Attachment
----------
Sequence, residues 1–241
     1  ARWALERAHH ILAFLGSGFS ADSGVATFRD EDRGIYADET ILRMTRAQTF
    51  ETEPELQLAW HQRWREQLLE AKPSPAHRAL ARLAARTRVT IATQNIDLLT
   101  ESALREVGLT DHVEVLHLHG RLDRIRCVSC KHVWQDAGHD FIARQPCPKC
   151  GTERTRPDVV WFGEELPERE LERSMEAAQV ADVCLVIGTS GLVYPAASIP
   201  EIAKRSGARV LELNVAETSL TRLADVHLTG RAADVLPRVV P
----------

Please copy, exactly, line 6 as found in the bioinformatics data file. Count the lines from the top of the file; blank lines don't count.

   201  EIAKRSGARV LELNVAETSL TRLADVHLTG RAADVLPRVV P